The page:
Are you frustrated with teachers who seem to be more proficient with gibberish than their subject matter? Are you finding that despite putting hours in with your textbook its just not paying off? Do you just need someone to explain the same material from a different perspective? If your answer is yes to any of these questions then you have come to the right profile. I discovered my passion for teaching very early on. As early as middle school I remember helping out my classmates with their a... [more]
As a practicing physicist I use calculus all of the time. After all, calculus was actually invented by Newton in order to explain physical laws. I bring an intuitive point of view to this subject which complements the more formal content found in textbooks. With this perspective I hope to make clear the concepts of calculus by illuminating their practical applications. I have tutored many students in this subject over the years, both students taking formal calculus classes and those studying physics and being deficient in some area of calculus.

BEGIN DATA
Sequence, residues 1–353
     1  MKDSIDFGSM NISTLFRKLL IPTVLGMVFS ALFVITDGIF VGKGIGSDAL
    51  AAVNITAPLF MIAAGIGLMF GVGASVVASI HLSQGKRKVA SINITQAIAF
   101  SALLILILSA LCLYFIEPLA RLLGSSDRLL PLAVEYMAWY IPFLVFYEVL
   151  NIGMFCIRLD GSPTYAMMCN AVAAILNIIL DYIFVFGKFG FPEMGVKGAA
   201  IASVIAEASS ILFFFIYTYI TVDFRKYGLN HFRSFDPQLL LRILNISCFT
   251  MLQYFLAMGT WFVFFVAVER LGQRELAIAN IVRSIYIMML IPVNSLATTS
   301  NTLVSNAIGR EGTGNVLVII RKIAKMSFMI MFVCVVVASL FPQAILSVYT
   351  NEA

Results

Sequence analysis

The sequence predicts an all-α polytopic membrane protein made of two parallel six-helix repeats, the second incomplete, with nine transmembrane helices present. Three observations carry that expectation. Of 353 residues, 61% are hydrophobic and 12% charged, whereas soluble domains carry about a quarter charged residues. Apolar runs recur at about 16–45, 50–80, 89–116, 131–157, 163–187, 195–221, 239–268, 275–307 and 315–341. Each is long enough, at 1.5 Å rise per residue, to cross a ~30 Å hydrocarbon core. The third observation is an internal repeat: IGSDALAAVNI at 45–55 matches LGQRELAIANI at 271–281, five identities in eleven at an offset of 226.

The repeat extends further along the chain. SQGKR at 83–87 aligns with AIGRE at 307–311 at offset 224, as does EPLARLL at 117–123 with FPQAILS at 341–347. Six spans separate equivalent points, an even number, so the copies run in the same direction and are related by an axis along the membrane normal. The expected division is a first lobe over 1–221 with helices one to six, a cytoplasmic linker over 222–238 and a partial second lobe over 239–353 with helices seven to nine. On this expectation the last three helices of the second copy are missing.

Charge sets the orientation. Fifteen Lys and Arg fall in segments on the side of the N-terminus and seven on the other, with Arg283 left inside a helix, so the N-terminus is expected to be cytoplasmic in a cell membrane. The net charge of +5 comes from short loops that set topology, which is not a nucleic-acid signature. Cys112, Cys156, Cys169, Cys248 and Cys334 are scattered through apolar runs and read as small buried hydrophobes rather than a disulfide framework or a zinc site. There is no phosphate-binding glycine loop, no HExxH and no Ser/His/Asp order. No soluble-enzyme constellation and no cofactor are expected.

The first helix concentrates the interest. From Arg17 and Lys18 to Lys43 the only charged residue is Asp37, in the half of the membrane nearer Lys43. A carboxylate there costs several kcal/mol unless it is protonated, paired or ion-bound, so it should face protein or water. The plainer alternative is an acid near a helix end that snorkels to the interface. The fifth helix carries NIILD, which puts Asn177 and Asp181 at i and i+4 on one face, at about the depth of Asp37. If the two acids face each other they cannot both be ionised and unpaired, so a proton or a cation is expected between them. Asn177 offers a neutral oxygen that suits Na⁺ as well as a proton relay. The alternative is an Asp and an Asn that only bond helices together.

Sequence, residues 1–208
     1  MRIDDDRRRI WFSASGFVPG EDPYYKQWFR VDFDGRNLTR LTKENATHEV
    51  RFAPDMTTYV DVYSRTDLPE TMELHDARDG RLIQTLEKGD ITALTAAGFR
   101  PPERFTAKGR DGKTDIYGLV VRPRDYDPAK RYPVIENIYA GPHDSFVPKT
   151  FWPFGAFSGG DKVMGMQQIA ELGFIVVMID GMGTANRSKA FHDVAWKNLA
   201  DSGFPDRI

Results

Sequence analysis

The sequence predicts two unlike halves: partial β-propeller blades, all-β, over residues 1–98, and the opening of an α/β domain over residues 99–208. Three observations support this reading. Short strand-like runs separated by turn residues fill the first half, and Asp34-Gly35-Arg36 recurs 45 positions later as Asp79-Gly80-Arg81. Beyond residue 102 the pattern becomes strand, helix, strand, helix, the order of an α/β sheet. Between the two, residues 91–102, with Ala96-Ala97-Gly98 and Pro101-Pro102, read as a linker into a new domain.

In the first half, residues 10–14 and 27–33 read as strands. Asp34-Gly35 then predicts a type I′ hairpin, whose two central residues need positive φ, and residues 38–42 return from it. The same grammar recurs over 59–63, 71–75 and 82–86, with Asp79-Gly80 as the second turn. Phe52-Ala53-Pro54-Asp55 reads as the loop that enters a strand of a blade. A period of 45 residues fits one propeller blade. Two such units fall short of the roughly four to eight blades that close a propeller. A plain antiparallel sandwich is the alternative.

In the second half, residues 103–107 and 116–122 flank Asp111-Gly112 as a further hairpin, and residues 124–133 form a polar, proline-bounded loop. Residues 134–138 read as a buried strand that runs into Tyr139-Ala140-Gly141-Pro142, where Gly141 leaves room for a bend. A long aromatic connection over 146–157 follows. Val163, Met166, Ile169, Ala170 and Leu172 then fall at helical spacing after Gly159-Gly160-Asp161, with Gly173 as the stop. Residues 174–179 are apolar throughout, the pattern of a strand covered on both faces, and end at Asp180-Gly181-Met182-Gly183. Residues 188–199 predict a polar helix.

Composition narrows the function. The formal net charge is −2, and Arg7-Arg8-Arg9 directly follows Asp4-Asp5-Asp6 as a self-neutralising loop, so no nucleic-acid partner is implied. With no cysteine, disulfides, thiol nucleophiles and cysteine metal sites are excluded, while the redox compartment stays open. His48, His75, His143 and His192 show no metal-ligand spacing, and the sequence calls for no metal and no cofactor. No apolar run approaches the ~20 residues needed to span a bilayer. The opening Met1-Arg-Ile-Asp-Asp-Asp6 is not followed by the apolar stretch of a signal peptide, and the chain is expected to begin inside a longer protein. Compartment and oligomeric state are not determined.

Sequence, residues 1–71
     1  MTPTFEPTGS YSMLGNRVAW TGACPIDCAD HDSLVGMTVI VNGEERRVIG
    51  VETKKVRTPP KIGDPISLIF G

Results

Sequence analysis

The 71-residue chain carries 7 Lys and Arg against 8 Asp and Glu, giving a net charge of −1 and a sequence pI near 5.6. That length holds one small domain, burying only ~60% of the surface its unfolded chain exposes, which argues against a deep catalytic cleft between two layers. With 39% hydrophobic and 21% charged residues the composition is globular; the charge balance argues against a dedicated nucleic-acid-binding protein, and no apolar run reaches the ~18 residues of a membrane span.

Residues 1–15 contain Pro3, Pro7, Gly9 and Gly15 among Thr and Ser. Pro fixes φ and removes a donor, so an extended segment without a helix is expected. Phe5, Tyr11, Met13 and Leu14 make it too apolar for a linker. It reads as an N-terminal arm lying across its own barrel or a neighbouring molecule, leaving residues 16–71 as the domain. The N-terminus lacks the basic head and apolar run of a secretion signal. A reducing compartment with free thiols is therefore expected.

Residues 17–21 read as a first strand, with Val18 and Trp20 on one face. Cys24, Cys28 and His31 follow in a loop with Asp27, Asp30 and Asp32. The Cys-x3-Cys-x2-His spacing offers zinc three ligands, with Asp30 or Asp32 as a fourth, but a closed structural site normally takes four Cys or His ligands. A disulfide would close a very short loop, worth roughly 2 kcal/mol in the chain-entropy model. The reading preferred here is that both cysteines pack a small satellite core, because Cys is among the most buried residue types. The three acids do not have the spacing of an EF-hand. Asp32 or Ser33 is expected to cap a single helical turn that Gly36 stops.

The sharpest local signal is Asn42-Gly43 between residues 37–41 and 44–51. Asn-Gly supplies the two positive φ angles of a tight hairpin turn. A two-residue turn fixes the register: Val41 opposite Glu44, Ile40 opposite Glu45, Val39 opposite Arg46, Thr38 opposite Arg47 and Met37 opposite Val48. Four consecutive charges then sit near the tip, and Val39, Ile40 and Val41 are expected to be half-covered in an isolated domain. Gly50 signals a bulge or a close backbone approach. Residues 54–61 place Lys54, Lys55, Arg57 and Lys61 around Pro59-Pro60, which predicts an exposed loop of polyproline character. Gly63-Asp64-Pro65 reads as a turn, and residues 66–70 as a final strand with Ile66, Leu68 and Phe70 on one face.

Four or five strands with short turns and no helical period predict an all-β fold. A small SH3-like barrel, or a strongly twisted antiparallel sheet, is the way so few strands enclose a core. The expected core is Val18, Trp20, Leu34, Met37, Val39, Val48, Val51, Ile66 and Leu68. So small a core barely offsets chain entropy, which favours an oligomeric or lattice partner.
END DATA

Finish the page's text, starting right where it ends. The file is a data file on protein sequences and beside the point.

Physics is not only my passion but is also my career. I have multiple degrees in the subject in addition to research and teaching experience. I have published 4 peer reviewed papers, mostly on computational chemistry and atomic and molecular physics. I have taught first semester calculus-based physics at Sinclair (PHYS 2201) as well as many recitation and lab classes. I'm considered adjunct faculty at both Sinclair and WSU. I can help with physics at all levels, including undergraduate physics major classes.
As a practicing physicist, I have constant contact with differential equations. I am familiar with all of the analytic methods typically covered in a differential equations course. Additionally, many of the differential equations encountered in the physical sciences are not amenable to an analytic solution. As such, I have extensive experience in the numerical approximation of the solution to these classes of equations. In summation, I am well qualified to help any student with their studies of differential equations.
Linear Algebra finds nearly ubiquitous application in physics. All subjects of physics incorporate this powerful mathematics in one form or another. This relationship of linear algebra to the physical sciences finds no greater example than that of quantum mechanics. Quantum mechanics is literally written in the language of linear algebra. As an atomic and molecular physicist I am intimately familiar with linear algebra. At the undergraduate level, not only did I take the linear algebra class required for my major, I also took a more advanced course on the subject that is usually taken only by math majors. In addition, I have taken two courses on the subject at the graduate level. I can aid anyone on their studies of this subject regardless of the level at which they are taking it.